California Court Affirms the Power of MERS to Assign Promissory Notes and Invoke the Tender Rule

July 1, 2011

One result of the foreclosure crisis over the past few years is a wave of “wrongful foreclosure” cases seeking to set aside or delay foreclosure proceedings on the applicable property. When Mortgage Electronic Registration Systems, Inc. (MERS), has been involved in that foreclosure process, MERS often finds itself at the center of the challenge. Borrowers often assert that MERS or other involved parties lacked the requisite standing to initiate foreclosure or to assign an interest in the underlying debt because they were not in possession of the applicable promissory note. Such judicial attacks undermine MERS’s essential purpose as an intermediary agent between lenders, servicers, and investors, for which the assignment of debt and the initiation of foreclosure proceedings are critical.1 The cases targeting MERS have had varying degrees of success in different states, usually depending upon the particular state’s foreclosure law. 

On June 1, 2011, however, the California Court of Appeal dealt a mortal blow to such attacks under California law. See Ferguson v. Avelo Mortg., LLC, 2011 WL 2139143, 5, ___ Cal. Rptr. 3d ___ (Cal. Ct. App. 2d Dist. 2011). In Ferguson, MERS was named as the original beneficiary in a deed of trust, and it thereafter assigned its beneficial interest in the deed and the loan to defendant Avelo Mortgage, LLC (“Avelo”). The borrower later defaulted on the loan, and Avelo purchased the property at the resulting foreclosure sale. After the sale, the borrower purported to execute a quitclaim deed of the property to the plaintiffs (Ferguson).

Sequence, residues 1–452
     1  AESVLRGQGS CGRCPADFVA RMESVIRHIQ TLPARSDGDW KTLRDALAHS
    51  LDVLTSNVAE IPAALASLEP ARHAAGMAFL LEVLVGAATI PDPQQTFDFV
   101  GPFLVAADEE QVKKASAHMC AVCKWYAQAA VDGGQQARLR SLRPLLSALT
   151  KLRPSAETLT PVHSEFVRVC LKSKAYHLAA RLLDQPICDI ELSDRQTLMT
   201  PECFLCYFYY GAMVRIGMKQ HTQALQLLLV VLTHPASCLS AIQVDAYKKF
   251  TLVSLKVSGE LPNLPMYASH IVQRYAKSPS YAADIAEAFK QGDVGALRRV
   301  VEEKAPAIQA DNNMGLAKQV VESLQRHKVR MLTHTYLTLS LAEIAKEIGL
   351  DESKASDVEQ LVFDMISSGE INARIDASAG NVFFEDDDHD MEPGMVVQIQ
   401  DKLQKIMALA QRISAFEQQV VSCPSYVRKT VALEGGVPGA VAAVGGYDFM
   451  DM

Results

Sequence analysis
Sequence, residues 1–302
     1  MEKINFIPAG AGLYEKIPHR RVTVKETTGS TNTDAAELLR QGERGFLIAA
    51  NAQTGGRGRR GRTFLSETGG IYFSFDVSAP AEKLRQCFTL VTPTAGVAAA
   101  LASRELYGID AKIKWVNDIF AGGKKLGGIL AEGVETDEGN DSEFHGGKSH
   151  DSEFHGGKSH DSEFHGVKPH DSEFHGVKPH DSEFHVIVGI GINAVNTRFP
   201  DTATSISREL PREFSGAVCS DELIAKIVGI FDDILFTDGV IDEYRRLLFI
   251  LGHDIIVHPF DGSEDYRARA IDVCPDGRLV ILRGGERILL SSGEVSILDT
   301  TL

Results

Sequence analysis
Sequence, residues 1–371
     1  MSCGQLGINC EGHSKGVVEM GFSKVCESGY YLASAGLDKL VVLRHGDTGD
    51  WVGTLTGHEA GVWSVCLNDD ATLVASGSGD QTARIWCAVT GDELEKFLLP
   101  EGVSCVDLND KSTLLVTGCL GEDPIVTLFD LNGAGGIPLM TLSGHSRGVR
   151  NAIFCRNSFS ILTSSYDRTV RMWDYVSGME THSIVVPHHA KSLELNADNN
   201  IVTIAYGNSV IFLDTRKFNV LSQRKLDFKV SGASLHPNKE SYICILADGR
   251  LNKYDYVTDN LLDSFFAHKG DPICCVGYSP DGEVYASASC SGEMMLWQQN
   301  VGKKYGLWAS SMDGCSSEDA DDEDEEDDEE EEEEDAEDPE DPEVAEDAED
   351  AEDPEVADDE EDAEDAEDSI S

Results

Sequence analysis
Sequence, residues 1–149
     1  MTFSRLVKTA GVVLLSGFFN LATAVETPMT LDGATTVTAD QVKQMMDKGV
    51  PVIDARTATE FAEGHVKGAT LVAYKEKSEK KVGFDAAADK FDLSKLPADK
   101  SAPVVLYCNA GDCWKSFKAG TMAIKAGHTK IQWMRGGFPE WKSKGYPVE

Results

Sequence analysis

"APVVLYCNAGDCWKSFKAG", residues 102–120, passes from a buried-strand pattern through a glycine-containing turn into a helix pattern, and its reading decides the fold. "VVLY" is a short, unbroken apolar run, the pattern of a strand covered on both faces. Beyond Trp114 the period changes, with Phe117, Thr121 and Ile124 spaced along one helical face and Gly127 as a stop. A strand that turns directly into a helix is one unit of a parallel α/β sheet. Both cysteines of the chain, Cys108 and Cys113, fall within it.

Ferguson brought an action to quiet title against Avelo, to which Avelo successfully demurred by asserting the tender rule,” which requires a party seeking to challenge a completed foreclosure sale to first “tender” or pay off the full amount of the indebtedness owed on the property. On appeal, Ferguson argued that Avelo could not invoke the tender rule, because neither MERS nor Avelo was the holder of the promissory note underlying the deed of trust. According to Ferguson, without possession of the note, MERS could not assign any interest in the note to Avelo. As a result, Ferguson argued, Avelo had no authority to enforce the loan obligation, and the sale was “illegal.” 

In rejecting Ferguson’s argument and affirming the trial court’s judgment, the Court of Appeal affirmed several propositions of law that had been addressed only sparingly, if at all, by the California courts. First, the court reaffirmed the holding in Gomes v. Countrywide Home Loans, Inc., 192 Cal. App. 4th 1149 (Cal. Ct. App. 4th Dist. 2011), that where a deed of trust names MERS as the nominee of the lender and grants MERS the right to foreclose, MERS’s authority to initiate foreclosure proceedings is beyond judicial challenge. Next, the court rejected Ferguson’s argument that because MERS did not own the underlying note, it had no interest in the mortgage to assign.